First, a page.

Extracted from my blog, written just after completing this book:

Amidst the twisted plot filled with a defiance of, what Arundhati Roy describes as "the love laws that lay down who we should love and how much," the reader is exposed to different sets of circumstances that demand judgement. This judgement that the reader subconsciously makes is later deconstructed along with society's ideas of "should" and "should not." Throughout the novel, tortured souls practice forgiveness of pasts speckled li
...more
Kristine Morris
Jun 03, 2015 rated it it was ok  ·  review of another edition
Shelves: canadian
I decided to let the reading of this novel percolate a bit before writing a few comments. Sometimes my initial impressions improve after thinking a bit more about a book. Not so in this case. Part 1 of the book is very engaging, mostly because of the character Tyler who despite trying hard not to interject himself into the novel, keeps doing exactly that. The main character, Mala, is a very distant character. Because of her mental state, she communicates very subtlety with Tyler, not directly wi ...more
Emily
Oct 10, 2008 rated it did not like it
This was a beautifully-written novel about rape, oppressive gender roles, and colonialism, which all intertwine as metaphors for each other ("The Crying Game", anyone?). Although the literary concept works and the prose is exquisitely descriptive, I wished it wasn't while I was reading vividly graphic incest/rape scenes. I accept that this topic needs to be discussed, even in graphic detail, so that survivors have resources and the subject becomes less taboo, but I worry that feminist authors to ...more
Katya Kazbek
Perhaps it has to do with my love of Truman Capote’s “Other rooms, other voices”, or with all these childhood’s humid stories of climbing overgrowth and omnipresent critters that so often fall under southern gothic that I get an extra kick whenever I encounter isolated children living among animals in dense flora in the novels I read. Give me that set-up, and I’ll love the book to death. Shani Mootoo’s novel and I were an instant match, but I would recommend this novel even if you have less feve ...more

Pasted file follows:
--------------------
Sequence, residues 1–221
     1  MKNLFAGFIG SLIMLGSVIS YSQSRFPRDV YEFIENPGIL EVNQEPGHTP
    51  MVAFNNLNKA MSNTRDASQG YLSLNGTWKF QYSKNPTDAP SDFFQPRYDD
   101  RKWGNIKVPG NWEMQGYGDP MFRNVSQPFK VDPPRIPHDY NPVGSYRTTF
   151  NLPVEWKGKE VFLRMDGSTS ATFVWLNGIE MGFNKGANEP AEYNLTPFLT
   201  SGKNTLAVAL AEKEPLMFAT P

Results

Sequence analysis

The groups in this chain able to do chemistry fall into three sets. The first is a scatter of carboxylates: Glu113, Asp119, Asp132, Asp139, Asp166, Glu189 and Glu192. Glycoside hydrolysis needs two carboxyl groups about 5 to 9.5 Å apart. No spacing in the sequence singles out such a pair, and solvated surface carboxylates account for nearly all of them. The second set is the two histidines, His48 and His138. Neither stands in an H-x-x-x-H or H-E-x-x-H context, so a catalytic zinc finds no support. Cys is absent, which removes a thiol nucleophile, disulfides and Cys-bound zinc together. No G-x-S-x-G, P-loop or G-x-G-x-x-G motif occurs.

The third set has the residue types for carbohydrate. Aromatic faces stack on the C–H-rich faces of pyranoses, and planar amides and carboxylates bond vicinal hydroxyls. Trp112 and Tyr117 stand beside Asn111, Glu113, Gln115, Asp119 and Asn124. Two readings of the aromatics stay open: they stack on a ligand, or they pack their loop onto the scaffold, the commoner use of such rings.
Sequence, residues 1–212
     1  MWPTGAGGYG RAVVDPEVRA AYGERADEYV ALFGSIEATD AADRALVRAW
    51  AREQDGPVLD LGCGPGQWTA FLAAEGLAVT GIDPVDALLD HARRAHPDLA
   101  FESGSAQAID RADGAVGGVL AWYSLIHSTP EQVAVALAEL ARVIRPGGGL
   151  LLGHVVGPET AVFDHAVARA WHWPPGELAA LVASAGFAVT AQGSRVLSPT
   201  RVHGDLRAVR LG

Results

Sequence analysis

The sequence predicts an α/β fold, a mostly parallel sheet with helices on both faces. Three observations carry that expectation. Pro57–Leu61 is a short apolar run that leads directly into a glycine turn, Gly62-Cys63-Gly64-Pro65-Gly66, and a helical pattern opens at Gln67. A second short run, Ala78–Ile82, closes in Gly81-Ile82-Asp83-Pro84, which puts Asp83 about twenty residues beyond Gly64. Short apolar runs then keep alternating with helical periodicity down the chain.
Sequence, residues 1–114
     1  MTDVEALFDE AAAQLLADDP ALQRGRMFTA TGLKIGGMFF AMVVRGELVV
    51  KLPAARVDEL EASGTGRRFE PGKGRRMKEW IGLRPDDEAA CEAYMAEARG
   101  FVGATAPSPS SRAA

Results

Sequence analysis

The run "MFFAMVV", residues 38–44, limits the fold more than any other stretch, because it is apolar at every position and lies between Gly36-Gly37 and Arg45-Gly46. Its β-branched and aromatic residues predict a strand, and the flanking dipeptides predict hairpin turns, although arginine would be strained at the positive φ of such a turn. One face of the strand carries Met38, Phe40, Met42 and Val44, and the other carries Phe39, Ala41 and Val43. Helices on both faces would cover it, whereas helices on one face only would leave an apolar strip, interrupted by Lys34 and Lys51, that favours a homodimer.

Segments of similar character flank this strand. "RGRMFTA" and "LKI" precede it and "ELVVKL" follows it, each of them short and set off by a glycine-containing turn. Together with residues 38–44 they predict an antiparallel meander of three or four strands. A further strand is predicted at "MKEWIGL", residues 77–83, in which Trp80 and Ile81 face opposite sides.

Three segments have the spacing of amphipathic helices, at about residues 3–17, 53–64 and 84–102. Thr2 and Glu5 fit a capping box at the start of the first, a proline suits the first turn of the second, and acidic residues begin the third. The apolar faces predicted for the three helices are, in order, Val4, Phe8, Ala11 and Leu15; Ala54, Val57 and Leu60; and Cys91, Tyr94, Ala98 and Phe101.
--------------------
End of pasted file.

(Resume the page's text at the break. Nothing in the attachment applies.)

Maayan K
Oct 29, 2014 rated it really liked it
A sensory experience. I really loved the setting, in the Trinidad-like Caribbean island of Lantanacamara in the town of Paradise. The smells and tastes, plants and bugs, form an important backdrop, but also important thematic material. Blossoming and decay each take their turn.

Fluid gender/sexuality, as well as sexual violence, trauma, love, and insanity all have a role here. Despite the heavy topics, the book is a pretty fast read, and not really a downer. The plot is simple and perfect, the c
...more
Chaneli
Dec 28, 2014 rated it it was amazing
Shelves: lgbt, favorites
this book fills me with so much love! the narrative structure definitely reminds me of Arundhati Roy's The God of Small Things. The language in this novel is very beautiful but with a very painful story attached. We follow the main character Mala as we get to know her childhood and how she ended up where she is in the beginning of the novel. The book discusses religion, sexual abuse, nature, love, trauma, family, sexuality, gender, etc. One of my favorite moments is the connection to nature and ...more
Megan Baxter
Nov 24, 2016 rated it liked it
I am sort of at a loss for how to write this review. I wanted to like Cereus Blooms at Night, but I found it curiously weightless. I can see what it's striving for, but as far as I'm concerned, it never comes near to reaching it. It's hard to put your finger on what exactly is missing, but it feels like it's ticking a lot of the literature checkboxes, without ever doing anything more to become a living breathing urgent tale.

Note: The rest of this review has been withheld due to the changes in Go
...more
Arielle
Sep 11, 2012 rated it it was amazing